Ann Sarnoff stands contained in the foyer of a theater on the Warner Bros. again lot, observing a wall of males. Earlier than her are 16 black-and-white images of earlier Warner Bros. studio chiefs. Tucked down within the backside proper nook is Sarnoff: blond and beaming, the primary lady to reign over the legendary studio since its founding in 1923. “Seeing this,” she says, “was actually my second of, Oh my God.”
As we stroll the lot, Sarnoff reveals me the key door in her workplace the place studio founder Jack Warner used to slide out to play tennis on the garden, then factors out Clint Eastwood’s bungalow and the enduring Pals fountain. She tells me she was a Pals superfan within the ’90s and early 2000s, when she’d come dwelling from the workplace, put her two younger children to mattress, and toil via the night. “Pals was at all times on at 11 at night time in syndication, and it took work off my thoughts,” she says, “so I do know actually each episode.” As we speak, followers lean out of the tour tram to take photos of the fountain. They do not know that the elegant lady within the fitted denim blazer and slim white pants photobombing their photographs is the chair and CEO of WarnerMedia’s studios and networks.
When Sarnoff arrived at WarnerMedia in the summertime of 2019, she was an unknown amount to many in Hollywood—a New Yorker who’d spent many years as an govt at Nickelodeon, VH1, and BBC Studios Americas. What was it prefer to all of a sudden be topped “essentially the most highly effective lady in Hollywood”? Sarnoff shakes her head. “It was extremely thrilling however daunting, as a result of I’m now representing ladies.”
Two years into the job, Sarnoff exudes serene poise—spectacular contemplating that some energy gamers on the town have been dismissive of her as a result of they hadn’t seen her on the vaunted Hollywood social scene. She additionally took over throughout a messy second, changing Kevin Tsujihara, who left WarnerMedia after allegedly arranging film roles for an actress in alternate for intercourse. Not lengthy into Sarnoff’s tenure, WarnerMedia was racing to launch HBO Max, which was essential to its future, within the midst of a worldwide pandemic. As theaters closed, Sarnoff and her workforce made a controversial resolution to place the corporate’s 2021 slate of theatrical movies on their new streamer. Kim Masters at The Hollywood Reporter dubbed December 3, 2020, “a day that may stay in infamy” as a result of many actors and filmmakers didn’t discover out till they learn in regards to the plan within the trades.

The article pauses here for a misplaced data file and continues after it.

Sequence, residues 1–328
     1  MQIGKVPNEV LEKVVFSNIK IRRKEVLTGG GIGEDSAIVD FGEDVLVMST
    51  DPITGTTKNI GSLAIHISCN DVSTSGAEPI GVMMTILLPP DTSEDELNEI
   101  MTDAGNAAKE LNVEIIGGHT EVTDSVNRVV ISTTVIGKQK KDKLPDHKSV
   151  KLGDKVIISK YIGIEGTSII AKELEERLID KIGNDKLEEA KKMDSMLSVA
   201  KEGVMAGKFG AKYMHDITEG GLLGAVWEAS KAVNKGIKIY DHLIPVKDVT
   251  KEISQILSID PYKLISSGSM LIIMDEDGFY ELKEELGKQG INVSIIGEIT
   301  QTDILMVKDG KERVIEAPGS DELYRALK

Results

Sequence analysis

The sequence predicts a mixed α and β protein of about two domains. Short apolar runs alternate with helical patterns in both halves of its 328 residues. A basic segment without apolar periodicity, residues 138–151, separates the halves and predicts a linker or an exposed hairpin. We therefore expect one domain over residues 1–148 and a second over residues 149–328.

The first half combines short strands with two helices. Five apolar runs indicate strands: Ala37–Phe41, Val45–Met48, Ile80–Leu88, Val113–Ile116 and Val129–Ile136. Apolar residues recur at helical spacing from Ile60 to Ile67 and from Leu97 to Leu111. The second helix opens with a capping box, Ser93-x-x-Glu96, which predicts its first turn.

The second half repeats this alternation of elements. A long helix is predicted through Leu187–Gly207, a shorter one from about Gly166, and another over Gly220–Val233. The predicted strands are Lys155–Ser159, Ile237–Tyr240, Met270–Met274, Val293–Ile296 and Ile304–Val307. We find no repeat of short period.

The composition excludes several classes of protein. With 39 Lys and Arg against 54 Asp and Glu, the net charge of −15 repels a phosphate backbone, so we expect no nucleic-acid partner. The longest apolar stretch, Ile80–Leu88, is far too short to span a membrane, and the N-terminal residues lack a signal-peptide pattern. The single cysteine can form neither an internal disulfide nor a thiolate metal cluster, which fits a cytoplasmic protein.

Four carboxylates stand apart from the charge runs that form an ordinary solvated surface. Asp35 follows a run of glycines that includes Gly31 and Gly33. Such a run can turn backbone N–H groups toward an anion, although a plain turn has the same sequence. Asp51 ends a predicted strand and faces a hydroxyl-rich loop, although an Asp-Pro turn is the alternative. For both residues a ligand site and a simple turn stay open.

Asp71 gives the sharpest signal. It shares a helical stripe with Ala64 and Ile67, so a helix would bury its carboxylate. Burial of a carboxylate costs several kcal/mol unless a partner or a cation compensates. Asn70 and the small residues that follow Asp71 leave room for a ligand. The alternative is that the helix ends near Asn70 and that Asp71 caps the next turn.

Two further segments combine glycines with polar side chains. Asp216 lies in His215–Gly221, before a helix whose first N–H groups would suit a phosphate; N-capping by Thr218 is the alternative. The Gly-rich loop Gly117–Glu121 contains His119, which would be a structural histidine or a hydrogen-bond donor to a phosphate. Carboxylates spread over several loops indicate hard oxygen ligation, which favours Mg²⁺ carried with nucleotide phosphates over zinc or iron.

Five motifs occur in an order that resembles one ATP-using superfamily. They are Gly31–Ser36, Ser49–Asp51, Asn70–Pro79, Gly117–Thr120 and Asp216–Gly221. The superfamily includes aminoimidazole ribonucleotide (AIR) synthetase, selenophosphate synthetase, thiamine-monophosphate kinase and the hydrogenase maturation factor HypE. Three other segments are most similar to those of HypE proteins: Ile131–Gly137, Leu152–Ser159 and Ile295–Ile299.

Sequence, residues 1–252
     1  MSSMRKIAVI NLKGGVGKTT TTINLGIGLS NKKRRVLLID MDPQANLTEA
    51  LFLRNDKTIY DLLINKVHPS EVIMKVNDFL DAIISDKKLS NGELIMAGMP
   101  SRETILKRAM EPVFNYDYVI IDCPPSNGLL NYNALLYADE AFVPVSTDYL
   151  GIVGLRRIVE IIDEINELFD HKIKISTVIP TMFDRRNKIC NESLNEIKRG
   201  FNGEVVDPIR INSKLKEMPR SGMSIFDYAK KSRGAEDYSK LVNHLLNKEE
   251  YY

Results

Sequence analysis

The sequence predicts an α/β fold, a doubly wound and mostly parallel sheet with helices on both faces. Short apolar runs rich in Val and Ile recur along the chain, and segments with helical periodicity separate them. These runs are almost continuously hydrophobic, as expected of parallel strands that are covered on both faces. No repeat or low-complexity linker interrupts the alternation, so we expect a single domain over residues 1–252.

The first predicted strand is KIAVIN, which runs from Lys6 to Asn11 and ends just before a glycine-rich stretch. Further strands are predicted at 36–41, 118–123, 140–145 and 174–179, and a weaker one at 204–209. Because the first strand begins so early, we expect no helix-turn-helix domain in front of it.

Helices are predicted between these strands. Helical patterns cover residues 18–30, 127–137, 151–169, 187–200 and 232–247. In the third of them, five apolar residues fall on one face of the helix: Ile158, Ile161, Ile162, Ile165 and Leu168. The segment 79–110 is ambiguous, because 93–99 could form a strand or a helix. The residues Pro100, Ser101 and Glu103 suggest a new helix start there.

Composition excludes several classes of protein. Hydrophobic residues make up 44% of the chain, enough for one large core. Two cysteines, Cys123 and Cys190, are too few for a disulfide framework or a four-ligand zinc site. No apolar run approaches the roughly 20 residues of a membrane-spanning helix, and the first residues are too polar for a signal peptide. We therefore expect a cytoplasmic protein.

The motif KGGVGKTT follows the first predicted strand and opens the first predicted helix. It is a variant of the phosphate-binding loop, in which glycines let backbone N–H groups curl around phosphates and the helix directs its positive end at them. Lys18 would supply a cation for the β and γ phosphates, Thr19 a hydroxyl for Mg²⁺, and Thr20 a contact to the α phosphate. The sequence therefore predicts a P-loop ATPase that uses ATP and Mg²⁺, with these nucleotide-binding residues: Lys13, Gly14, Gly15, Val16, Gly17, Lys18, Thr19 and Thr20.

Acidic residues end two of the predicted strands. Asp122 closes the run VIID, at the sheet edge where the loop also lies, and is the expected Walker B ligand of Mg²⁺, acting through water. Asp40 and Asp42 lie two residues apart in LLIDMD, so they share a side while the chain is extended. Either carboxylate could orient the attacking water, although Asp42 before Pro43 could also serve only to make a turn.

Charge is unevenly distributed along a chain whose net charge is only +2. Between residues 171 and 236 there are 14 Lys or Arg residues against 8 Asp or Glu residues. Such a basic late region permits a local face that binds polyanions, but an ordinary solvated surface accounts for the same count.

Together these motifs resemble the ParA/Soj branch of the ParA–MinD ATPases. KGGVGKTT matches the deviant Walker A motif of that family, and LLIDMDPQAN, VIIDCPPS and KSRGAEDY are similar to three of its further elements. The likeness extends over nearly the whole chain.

Sitting in her grand workplace—dwelling to an electrical piano given to her by J.J. Abrams, which she performs to calm down—Sarnoff talks me via the agonizing dilemmas the corporate confronted due to COVID. After infinite conferences making an attempt to learn epidemiologists’ predictions like tea leaves, she launched Christopher Nolan’s $200 million Tenet on the finish of the summer time of 2020 wherever theaters have been open. It grossed $363 million worldwide, principally from abroad enterprise—a disappointing determine in regular circumstances. By the top of 2020, Sarnoff felt she needed to pull the set off on the remainder of their slate. “COVID stored getting worse and worse, and we mentioned the one method we will afford to open a film is to have one other solution to monetize it,” she says. “So we got here up with the [HBO Max] technique.”
Sarnoff says that they had begun to alert and renegotiate with the individuals behind the affected films, however phrase of “Undertaking Popcorn,” because it was named internally, leaked. “On no account did we intend to have or not it’s a giant shock,” she says. “We have been actually making an attempt to name individuals to inform them. Alternatively, we had 17 films and 181 contributors, so realistically, we knew we weren’t going to get to everyone [before it leaked].” The backlash from inventive companions was brutal, with Dune director Denis Villeneuve raging in opposition to WarnerMedia’s house owners in Selection: “With this resolution AT&T has hijacked probably the most respectable and vital studios in movie historical past.”